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Evolution and Society

Charles Darwin's theory of evolution had great impact on American culture and not strictly as a theory of biology. Explain how the theory of evolution affected religion, economic theory, the social sciences and modern concepts such as "pragmatism."

Subject: 3. Political Leadership

There were many powerful and significant American Presidents in the nineteenth century, but arguably none after Lincoln. Explain why the presidency seemed to change from an office of decision to one of care taking. Consider the economy, the robber-barons, the political issues of the period, the major political parties and anything else that seems important.

Subject: 4. Third Parties

The late nineteenth century was ripe with third party activity and people open to alternative political systems. Explain why the two major political partied did not seem to meet the needs of Grangers, Alliance members, Silverites, Socialists, labor union advocates, and other discontented Americans. Also explain why with all this discontent none of the third parties survived as national parties.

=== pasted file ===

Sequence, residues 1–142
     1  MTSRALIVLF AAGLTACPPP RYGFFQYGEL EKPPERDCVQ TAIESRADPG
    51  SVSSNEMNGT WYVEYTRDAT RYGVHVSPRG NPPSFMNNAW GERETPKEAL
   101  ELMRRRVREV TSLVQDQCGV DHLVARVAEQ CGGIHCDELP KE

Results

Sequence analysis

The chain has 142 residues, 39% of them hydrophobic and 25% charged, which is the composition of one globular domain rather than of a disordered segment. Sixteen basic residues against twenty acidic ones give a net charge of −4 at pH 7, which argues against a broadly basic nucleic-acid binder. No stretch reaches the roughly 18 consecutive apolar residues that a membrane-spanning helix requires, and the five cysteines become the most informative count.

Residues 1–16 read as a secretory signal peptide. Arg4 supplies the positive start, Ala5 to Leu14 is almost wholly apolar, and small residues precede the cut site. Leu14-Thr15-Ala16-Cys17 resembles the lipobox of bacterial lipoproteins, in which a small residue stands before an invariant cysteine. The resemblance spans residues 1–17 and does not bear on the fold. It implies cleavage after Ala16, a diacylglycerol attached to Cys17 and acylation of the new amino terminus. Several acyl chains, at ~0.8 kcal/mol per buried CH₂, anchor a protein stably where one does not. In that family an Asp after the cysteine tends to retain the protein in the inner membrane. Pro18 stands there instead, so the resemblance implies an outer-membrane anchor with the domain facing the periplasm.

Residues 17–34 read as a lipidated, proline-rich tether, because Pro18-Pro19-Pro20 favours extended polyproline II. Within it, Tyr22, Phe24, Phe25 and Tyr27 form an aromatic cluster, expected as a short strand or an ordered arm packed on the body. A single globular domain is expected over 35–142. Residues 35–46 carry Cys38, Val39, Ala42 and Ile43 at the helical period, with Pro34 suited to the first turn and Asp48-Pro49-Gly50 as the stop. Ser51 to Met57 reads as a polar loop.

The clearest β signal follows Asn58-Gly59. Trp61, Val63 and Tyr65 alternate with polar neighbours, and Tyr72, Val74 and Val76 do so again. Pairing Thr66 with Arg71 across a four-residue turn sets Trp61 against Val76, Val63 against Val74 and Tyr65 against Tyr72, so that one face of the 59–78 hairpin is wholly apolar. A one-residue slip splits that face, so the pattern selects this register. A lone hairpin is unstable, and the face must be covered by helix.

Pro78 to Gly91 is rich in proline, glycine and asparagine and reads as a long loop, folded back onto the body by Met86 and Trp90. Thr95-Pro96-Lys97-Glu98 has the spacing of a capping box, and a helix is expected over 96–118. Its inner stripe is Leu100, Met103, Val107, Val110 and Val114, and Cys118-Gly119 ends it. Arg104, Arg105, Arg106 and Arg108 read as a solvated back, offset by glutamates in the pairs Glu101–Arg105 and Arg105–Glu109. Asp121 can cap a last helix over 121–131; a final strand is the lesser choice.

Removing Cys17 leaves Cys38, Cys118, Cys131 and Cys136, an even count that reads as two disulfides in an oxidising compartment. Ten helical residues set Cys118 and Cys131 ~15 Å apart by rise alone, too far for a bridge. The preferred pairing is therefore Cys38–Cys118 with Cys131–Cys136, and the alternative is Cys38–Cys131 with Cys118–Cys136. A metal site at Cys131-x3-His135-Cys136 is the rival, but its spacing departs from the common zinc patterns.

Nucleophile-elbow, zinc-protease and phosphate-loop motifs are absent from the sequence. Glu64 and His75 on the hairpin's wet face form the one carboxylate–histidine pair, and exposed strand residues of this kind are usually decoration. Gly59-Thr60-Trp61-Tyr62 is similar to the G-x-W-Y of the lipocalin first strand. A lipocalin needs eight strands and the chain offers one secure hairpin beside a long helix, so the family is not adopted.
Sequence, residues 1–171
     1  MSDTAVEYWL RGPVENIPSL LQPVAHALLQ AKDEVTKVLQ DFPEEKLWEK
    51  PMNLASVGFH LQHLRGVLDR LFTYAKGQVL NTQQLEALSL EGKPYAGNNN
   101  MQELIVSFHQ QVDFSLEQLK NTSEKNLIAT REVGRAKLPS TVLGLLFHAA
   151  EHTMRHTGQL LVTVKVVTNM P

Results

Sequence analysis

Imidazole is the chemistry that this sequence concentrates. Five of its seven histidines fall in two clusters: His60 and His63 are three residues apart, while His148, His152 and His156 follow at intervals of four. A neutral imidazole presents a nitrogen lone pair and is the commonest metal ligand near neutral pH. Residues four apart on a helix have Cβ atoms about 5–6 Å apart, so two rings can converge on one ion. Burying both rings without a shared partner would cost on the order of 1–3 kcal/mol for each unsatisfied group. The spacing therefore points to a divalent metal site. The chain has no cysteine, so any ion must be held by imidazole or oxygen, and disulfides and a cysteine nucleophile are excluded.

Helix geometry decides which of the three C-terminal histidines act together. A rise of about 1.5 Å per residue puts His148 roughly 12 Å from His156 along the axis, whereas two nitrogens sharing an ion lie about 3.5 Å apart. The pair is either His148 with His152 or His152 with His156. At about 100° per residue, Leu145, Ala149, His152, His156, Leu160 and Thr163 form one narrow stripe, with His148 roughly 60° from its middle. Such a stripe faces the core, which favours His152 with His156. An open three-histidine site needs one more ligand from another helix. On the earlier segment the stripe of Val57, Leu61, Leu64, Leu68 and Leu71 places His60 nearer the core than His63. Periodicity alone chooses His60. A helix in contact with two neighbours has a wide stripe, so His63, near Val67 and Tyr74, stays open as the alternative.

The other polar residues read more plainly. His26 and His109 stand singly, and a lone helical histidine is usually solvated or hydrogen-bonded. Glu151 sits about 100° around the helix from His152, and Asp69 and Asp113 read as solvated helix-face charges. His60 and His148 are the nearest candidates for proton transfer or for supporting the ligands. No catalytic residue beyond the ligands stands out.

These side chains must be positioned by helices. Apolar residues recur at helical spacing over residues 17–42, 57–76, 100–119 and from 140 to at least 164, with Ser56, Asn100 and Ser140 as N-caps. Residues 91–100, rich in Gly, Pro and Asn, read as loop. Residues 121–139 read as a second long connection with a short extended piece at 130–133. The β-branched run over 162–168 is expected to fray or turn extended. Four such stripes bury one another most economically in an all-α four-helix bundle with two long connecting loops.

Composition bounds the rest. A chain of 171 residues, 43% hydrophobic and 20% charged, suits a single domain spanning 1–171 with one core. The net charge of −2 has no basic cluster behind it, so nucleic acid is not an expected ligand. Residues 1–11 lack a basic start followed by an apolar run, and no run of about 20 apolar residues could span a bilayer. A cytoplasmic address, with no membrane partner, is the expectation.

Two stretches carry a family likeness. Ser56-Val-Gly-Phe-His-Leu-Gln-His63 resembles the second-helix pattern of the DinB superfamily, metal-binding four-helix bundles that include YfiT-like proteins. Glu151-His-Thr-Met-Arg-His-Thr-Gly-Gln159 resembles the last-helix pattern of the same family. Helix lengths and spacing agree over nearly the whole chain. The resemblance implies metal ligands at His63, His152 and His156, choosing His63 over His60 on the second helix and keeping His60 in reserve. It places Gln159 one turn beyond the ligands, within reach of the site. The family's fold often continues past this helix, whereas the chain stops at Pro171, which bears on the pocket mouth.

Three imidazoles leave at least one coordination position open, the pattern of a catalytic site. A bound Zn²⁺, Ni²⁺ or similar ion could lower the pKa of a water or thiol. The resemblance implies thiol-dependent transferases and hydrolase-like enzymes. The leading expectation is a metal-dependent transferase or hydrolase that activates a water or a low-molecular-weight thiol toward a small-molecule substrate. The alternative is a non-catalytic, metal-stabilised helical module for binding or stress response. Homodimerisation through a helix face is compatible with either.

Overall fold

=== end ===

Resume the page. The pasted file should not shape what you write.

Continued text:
Women in the Progressive Era

The history of women suffrage before and up to the Progressive Era (1860-1920) and their attempt to achieve equality.

Abstract

This paper focuses around the "American Dream" in which women sought to achieve equality. It includes an in-depth explanation of their dream, a section on the limited rights and political and social norms that kept them from achieving their dream and a section on how their activism brought equality.

From the Paper

"During the Progressive Era, all Americans had an essential dream or motivation that accounted for their presence in the United States. Be it good work for the Irish, or a fair banking system for the Farmers, each group was motivated to succeed and achieve their dreams, in order to better their lives or the lives of their children. Women were no different. Women struggled to achieve equality; equality as a citizen, equality in the work place, and equality at home. (The Declaration of Sentiments: Report of the Woman's Rights Convention)"

The U.N. In The Post-Cold War Era

Examines its changing roles, challenges and opportunities after the break-up of the Soviet Union, focusing on European conflicts.

From the Paper